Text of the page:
Energy use 'drove human walking'
BBC NEWS | Science/Nature | Energy use 'drove human walking'
Salon IFA 169 reports:'
According to Jenny Collier, of Imperial College, London, and her colleague, Sanjeev Gupta, the English Channel was formed some time between 450,000 and 200,000 years ago, when a natural land dam at the Strait of Dover failed. The results of their research are published in this month’s Nature, and are based on a new high-resolution sonar survey of the Channel floor, which shows the deep gouges and scour marks in the bedrock at the bottom of the Channel caused by the inundation, which occurred when a lake fed by meltwater from the British and Scandinavian ice sheets and by the Thames and Rhine river systems broke through the chalk ridge that once ran continuously from the Weald into the Artois region of northern France and Belgium.
The Imperial College team has yet to explain what triggered the event. According to Jenny Collier: ‘It is possible that it was the pressure of rising water and that it would have happened anyway, but there are little earthquakes in that area — there was one recently in Kent — and it is a tantalising possibility that one triggered the flood.’
‘This would have been a torrent of water carving out a huge valley through this wild landscape,’ said Dr Gupta. ‘There would be powerful eddies, with huge boulders and chunks of chalk … thrown around in the surge.’ The team estimates the surge released between 200,000 and 1 million cubic metres of water a second, equivalent to one hundred times the discharge of the Mississippi river.
One result was to cut Britain off from the European mainland even during periods of heavy glaciation when sea levels were low, making it much harder for early humans to settle what was previously a peninsula. This, in turn, seems to have contributed to a population crash and may explain why early human occupation of Britain came to an abrupt halt for almost 120,000 years. Professor Chris Stringer, of the Natural History Museum, who heads the Ancient Human Occupation of Britain Project, said: ‘We know of ancient humans 700,000 years ago at Pakefield, 500,000 years ago at Boxgrove, 400,000 years ago at Swanscombe and 220,000 years ago at Pontnewydd, but there is no evidence beyond 180,000 years ago until around 60,000 years ago.’'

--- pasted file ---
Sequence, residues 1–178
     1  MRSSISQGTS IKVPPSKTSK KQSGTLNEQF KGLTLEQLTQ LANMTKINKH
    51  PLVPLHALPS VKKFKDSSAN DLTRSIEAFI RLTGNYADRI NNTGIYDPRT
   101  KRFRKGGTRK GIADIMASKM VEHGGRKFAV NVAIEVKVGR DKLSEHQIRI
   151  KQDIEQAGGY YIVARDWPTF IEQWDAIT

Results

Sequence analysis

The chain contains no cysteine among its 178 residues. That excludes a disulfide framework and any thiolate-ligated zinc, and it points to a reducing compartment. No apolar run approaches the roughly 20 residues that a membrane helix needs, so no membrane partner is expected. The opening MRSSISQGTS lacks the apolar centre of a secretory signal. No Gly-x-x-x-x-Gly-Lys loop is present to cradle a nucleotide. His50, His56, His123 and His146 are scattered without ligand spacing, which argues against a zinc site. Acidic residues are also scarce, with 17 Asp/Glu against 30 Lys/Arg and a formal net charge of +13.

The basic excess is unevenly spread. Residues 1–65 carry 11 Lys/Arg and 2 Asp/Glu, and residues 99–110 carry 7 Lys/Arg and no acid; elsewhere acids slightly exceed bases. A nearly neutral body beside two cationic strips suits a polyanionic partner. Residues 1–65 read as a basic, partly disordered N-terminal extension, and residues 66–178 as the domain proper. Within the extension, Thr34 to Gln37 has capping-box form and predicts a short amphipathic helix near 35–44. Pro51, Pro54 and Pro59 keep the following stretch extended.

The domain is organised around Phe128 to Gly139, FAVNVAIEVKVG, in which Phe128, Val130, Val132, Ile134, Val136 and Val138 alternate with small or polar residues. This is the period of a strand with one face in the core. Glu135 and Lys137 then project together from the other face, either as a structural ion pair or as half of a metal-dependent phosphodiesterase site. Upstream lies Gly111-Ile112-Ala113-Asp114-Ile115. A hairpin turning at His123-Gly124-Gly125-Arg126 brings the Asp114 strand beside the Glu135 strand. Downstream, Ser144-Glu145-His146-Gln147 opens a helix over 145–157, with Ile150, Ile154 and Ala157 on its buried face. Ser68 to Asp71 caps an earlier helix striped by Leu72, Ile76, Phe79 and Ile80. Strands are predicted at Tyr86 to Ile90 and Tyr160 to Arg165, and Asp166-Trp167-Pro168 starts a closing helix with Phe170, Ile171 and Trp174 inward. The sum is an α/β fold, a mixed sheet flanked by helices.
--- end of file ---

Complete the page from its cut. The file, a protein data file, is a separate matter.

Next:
Salon IFA 169 reports on:
'A metal dectectorist has recently found a Romano-British finger ring inscribed with 'the legend: DEO TOTA FELIX, which Adam Daubney, Lincolnshire Finds Liaison Officer for the Portable Antiquities Scheme, translates as ‘To the God Totatis, use this and be happy’.
Found near Battlesden, in Bedfordshire, the ring is one of forty-four similar finger rings inscribed with the letters TOT, and abbreviation of the deity Toutates, mostly from Lincolnshire and dating from the second and third centuries AD. ‘When we map them they almost exactly mirror the limits of the Iron Age tribe Corieltauvi’, said Adam, who added: ‘This suggests that the Corieltauvi were active, with clearly defined borders, well into the Roman period, covering the area east of the River Trent through Lincolnshire, Nottinghamshire and Leicestershire, and that native tribes may have had more freedom to pursue their own religions and lifestyle than previously thought.’
The Roman poet Lucan, who wrote from between AD 39–65, refers to the deity as the ‘dreaded Toutates’. Fans of the Asterix the Gaul comic books will be familiar with the name as being one of Asterix’s favourite curses.'
|Letter to the London Archaeologist|
I was very interested to read the article in the Spring 2007 issue of London Archaeologist about the ''Osteological evidence of mercury treatment of syphilis in 17th to 19th Century London' by Fiona Tucker.
She notes that not all cases of syphilis seems to have been treated by with Mercury.
At the Old Operating Theatre Museum in Southwark we came across the following recipe created by Dr Richard Mead in the early 18th Century to cure people suffering from venereal disease. Mead was a friend of the great Dr Johnstone and not a quack or mountebank. The enclosed recipe was designed as a medicine for poor people who could not afford more expensive treatments.
'Take Garden-Snails cleansed and bruised 6 gallons,
Earthworms washed and bruised 3 Gallons,
Of common Wormwood, Ground-Ivy, and Carduus, each one Pound and half,
Penniroyal, Juniper-berries, Fennelseeds, Aniseeds, each half a Pound,
Cloves and Cubebs bruised, each 3 Ounces,
Spirit of Wine and Spring-water, of each 8 Gallons.
Digest them together for the space of 24 Hours,
And then draw it off in a common Alembick.'
Recipe by Dr Richard Mead (Physician to St. Thomas's Hospital)
In 'Pharmacopoeia Pauperum' 1718 (compiled by Henry Banyer)
An alembic is a still to distill the essense of the mixture.
Readers of the London Archaeologist might like to come along to the Old Operating Theatre Museum to uncover more interesting medical curiosities.
I like the new layout of London Archaeologist by the way
With best wishes
Director Old Operating Theatre Museum and Herb Garret
9a St Thomas ST London SE1 9RY open 7 days a week 10.30 - 5pm
Here are a few interesting ICT projects all with a new
technology twist, which I produced for a
friend of a friend.
There is a guide to interactivity in Summer 07 issue of
(There was an article in Museums Journal in the last
few months on the
subject of PDA tours but I can't find my copy!)
What Was here?
Labels: narrative environments
Interesting stuff about London, Museums and HeritageHistory Museums London Archaeology Narrative Environments